Bruce Dunham Term 2, Section 210
Dr. Bruce Dunham is a senior instructor in the Department of Statistics. Prior to arriving at UBC in 2005 he held positions at the universities of Nottingham and Derby in England, his native country. Dr. Dunham studied at the University of London for his PhD in probability theory. After several years pursuing a traditional research-oriented academic career, he decided his interests resided in education and pedagogy. He has taught over thirty different courses in the areas of mathematics and statistics, and is delighted to be contributing to the Communicating Science course. When not working, Bruce enjoys his time with his daughter and is also an avid follower of his home-town soccer club, Blackpool FC.
Reinhard Jetter Term 2, Section 212
I got my undergraduate training in chemistry at the University of Munich, Germany, finished with a diploma thesis on organic synthesis and the physical chemistry of antiaromatic compounds. I then obtained my Ph.D. at the Botany Department of the University of Kaiserslautern, Germany (1993), with studies on waxes of various Poppy species carried out under guidance of Markus Riederer. Next, I moved to the Institute of Biological Chemistry at Washington State University, where I worked as a Postdoctoral Fellow with Rod Croteau (1994-96). My work at the IBC focused on the cloning and characterization of enzymes involved in the biosynthesis of conifer resin diterpenoids. I then worked as a Research Associate and independent group leader in the Biology Department at the University of Wuerzburg, Germany (1996-2003), where I began my investigations into the polyketides and triterpenoids found in plant skins. Finally, I joined the University of British Columbia in 2003, where I am now full professor and Canada Research Chair in Plant Natural Products Chemistry, with a cross-appointment between the Departments of Botany and Chemistry. I am leading a group of chemists and biologists focusing on the various aspects of plant surfaces, using a wide range of techniques. My projects are highly interdisciplinary, ranging from molecular genetics over enzyme mechanism and chemical product identification to the physiology of water transport and the chemical ecology of plant-insect-interactions.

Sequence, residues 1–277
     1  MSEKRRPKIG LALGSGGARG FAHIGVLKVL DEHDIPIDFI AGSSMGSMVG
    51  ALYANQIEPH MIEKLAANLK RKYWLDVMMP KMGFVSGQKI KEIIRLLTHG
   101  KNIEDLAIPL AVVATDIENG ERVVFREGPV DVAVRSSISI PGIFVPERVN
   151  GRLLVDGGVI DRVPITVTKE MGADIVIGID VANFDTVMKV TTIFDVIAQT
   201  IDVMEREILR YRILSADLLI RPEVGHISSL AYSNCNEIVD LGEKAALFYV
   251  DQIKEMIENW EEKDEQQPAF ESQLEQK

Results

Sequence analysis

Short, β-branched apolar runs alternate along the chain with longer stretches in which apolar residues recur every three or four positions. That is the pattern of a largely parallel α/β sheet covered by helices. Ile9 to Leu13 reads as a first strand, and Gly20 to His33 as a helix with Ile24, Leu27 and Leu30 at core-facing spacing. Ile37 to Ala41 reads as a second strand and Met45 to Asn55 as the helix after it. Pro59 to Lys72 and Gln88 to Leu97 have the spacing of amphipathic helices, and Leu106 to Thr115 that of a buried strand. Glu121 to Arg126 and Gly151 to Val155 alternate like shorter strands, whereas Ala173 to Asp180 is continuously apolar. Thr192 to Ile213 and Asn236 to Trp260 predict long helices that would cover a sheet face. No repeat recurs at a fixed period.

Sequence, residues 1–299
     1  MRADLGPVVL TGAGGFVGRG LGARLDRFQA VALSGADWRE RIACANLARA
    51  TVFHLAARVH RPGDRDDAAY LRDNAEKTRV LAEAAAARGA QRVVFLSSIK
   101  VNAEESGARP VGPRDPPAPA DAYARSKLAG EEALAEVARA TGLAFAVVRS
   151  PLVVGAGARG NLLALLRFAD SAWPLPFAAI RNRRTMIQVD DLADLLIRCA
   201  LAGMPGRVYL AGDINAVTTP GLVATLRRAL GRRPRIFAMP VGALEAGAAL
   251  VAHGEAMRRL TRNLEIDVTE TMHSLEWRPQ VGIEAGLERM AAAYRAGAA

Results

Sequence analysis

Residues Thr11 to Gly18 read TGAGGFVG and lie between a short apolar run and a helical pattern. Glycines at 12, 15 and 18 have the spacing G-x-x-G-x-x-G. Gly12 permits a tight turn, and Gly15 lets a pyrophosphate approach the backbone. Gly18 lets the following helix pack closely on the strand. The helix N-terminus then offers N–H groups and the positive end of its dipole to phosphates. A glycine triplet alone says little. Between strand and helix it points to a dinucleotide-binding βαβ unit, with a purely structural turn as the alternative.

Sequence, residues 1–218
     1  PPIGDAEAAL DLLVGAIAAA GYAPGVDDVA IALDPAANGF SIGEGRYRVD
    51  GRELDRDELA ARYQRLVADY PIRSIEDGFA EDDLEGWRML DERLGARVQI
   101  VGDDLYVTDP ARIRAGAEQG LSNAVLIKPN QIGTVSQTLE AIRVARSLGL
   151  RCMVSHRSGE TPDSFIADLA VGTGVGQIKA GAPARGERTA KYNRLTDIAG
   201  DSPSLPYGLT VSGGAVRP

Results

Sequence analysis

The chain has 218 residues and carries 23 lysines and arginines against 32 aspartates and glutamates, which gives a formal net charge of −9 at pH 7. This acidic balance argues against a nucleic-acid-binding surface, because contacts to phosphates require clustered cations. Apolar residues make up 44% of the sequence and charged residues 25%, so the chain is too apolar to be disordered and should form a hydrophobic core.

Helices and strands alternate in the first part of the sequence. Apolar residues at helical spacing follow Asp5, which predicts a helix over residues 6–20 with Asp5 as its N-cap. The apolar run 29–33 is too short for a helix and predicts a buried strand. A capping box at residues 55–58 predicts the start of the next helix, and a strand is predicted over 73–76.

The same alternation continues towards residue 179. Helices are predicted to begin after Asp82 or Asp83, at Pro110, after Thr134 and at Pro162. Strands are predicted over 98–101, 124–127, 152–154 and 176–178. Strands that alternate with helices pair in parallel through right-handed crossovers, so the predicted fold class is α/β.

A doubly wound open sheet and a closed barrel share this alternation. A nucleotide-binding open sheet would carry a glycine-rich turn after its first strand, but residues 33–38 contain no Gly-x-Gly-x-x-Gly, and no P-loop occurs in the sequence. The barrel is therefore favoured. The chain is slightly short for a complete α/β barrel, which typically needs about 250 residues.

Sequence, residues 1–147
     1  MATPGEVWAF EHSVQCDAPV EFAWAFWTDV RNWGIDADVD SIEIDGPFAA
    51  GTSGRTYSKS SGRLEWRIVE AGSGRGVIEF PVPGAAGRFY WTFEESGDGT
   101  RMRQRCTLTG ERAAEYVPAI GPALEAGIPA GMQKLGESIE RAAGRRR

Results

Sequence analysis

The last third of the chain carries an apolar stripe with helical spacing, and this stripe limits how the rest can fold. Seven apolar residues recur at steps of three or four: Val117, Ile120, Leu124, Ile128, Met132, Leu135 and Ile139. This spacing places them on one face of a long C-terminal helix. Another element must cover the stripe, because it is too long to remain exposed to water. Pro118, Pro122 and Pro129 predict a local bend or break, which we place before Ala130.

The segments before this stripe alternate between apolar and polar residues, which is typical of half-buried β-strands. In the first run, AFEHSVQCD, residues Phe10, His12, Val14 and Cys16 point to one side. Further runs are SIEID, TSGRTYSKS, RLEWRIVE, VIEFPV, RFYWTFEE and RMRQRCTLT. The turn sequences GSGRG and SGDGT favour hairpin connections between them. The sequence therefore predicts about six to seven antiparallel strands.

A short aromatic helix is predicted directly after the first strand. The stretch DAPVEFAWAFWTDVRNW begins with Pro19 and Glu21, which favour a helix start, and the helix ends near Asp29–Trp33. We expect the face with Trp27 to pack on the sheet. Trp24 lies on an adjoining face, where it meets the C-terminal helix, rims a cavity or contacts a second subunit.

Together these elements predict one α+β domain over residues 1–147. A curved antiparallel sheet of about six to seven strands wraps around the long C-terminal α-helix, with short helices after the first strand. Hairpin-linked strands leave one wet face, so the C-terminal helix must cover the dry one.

Dr. Andrew Trites is a professor and director of the Marine Mammal Research Unit at UBC and research director of the North Pacific Universities Marine Mammal Research Consortium. Dr. Trites has been studying marine mammals in the North Pacific for over 25 years. His research involves captive studies, field studies and simulation models that range from single species to whole ecosystems. His research program is designed to further the conservation and understanding of marine mammals, and resolve conflicts between people and marine mammals. He has published over 100 papers and is frequently interviewed by media on issues pertaining to marine mammals. He oversees a research program that includes researchers, students, technicians and support staff. The training of students, and the collaboration between researchers specializing in other disciplines (such as nutrition, ecology, physiology and oceanography) is central to the success of his research program. Visit his homepage.
Rebecca is a PhD Candidate in the Department of Psychiatry at UBC. She works in the MacVicar lab and uses different biochemical and imaging techniques to study neuron-astrocyte interactions in the brain.